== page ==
2. Changing to the Julian calendar removed Holydays such as Passover, Feast of Weeks and Tabernacles and instituted holidays such as Christmas, Easter, and New Years.

  3. Rome has also subverted God's Law the Ten Commandments (what we currently call the Common Law) in place of the current Roman Civil Law, which we simply call the Civil Law today.

  4. Rome changed the start of the day as well.  Today we start our days at midnight, but God clearly starts His days at the evening (Gen. 1:5, 8, 13, 19, 23, 31).

  5. Rome changed God's Sabbath from the seventh day of Saturday to the first day of Sunday (Council of Laodicea, A.D. 336).

  6. The Roman Catholic Church also changed God's Ten Commandments (see picture here).

          This might be hard to believe, but even the Catholic church does not argue the point, but rather embraces it.   Patrick Madrid, a conservative catholic scholar, stated, "[The] calendar that we follow . . . is not only a calendar that was devised by the Catholic Church, but also it is a calendar that’s based upon the solar year, not the lunar year.  And the Jewish calendar that was observed in the time of Christ . . . follows a lunar calendar, which is several days short of the solar year" (retrieved from www.worldslastchance.com, Patrick Madrid, comments on “Open Line,” EWTN, Global Catholic Radio Network, January 5, 2006).  There are many, many quotes from the catholic church boasting of their ability to change God's laws and Holydays.  The point is that it is clear that they admit doing so and continue in that tradition.  This begs the question, if Rome changed God's "times and laws," should we follow in that same direction?  Churches today seem to think so, but the Apostles and the early church clearly kept the seventh day as their Sabbath (Acts 13:14, Acts 15:21, Acts 16:13, Acts 17:1-2) and so should we still.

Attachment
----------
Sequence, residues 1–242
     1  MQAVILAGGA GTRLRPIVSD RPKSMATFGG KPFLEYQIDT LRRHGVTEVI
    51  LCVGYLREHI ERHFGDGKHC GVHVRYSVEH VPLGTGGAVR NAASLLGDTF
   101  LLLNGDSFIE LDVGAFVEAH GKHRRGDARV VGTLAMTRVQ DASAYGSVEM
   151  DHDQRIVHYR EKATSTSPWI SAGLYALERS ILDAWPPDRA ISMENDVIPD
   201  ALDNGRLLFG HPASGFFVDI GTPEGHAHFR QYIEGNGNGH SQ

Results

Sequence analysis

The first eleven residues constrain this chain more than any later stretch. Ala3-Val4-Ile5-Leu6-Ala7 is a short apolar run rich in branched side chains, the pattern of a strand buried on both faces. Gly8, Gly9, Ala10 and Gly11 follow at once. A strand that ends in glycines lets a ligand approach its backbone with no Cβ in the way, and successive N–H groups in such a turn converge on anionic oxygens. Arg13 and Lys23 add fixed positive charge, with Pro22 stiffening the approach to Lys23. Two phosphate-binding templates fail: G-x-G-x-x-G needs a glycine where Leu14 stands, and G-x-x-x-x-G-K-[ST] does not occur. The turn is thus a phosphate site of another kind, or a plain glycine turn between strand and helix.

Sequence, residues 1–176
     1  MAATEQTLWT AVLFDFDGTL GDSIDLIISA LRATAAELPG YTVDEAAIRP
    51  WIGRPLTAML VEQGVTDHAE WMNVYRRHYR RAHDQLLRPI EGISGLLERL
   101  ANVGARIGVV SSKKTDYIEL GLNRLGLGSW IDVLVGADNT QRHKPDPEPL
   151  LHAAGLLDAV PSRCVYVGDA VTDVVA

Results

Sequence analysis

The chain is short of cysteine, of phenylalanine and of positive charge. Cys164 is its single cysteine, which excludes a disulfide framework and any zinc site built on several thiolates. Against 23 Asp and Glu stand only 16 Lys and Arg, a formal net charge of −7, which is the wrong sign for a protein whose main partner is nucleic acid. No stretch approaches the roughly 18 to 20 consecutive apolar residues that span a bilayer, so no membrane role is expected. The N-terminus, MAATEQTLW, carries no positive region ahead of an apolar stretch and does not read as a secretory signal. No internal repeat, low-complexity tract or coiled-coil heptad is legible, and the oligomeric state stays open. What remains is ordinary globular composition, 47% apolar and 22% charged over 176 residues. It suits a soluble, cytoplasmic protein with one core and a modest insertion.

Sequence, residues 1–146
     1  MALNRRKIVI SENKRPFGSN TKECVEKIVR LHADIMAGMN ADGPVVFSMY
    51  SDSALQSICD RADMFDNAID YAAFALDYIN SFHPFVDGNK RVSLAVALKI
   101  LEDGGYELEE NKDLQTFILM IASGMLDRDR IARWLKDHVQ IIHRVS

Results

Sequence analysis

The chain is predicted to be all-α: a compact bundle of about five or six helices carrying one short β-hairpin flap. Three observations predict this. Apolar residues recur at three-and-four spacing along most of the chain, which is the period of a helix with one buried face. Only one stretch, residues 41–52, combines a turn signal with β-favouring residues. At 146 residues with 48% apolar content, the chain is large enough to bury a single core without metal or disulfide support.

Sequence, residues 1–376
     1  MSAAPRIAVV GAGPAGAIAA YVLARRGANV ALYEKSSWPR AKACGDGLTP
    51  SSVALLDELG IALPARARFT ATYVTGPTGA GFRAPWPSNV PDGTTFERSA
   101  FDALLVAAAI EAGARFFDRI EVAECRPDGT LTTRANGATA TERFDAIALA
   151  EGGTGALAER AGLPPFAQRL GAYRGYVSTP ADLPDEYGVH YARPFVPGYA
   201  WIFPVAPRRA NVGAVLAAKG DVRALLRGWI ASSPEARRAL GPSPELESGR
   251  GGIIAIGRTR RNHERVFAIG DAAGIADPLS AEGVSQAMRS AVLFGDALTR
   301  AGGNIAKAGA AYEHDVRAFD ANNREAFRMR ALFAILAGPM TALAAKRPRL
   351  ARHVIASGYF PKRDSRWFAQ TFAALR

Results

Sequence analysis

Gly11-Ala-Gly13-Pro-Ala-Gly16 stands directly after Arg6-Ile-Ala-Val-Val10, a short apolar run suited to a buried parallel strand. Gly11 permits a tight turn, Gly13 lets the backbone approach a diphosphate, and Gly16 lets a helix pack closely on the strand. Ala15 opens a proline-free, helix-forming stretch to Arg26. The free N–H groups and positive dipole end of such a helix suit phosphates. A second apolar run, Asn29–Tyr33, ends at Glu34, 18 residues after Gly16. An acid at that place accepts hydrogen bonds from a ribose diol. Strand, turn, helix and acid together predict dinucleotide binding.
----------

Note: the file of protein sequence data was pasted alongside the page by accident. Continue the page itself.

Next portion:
Are We to Keep the Sabbath Today?

 

          The Sabbath was kept by the Messiah (Mark 1:21, Mark 6:2, Luke 4:31, Luke 6:6).  He is our example that we ought to follow (1 Pet. 2:21).  The Messiah was actually accused of breaking the Sabbath, but this could not be true.  The Messiah was without sin, which means he never broke any of God's laws, including the Sabbath.  Why then did the Pharisees accuse Him of breaking the Sabbath?  The truth is, the Scribes and Pharisees had extra laws of their own regarding the Sabbath.  The Messiah healed on the Sabbath (Mark 3:4-5).  The Messiah picked grain on the Sabbath (Matt. 12:1).  The Messiah said it would be lawful to help a stuck animal on the Sabbath (Luke 14:5).  It is important to remember that each one of these is not against the law of God, but against the tradition of the elders (Pharisees).  The Messiah never once broke the law of God, rather, He constantly battled against those who added to and took away from the law of God with their traditions (Matt. 15:2-6, Mark 7:5-8).  The point here is not that we no longer need to keep the Sabbath, but that we need to use the scriptures only to determine how to keep the Sabbath.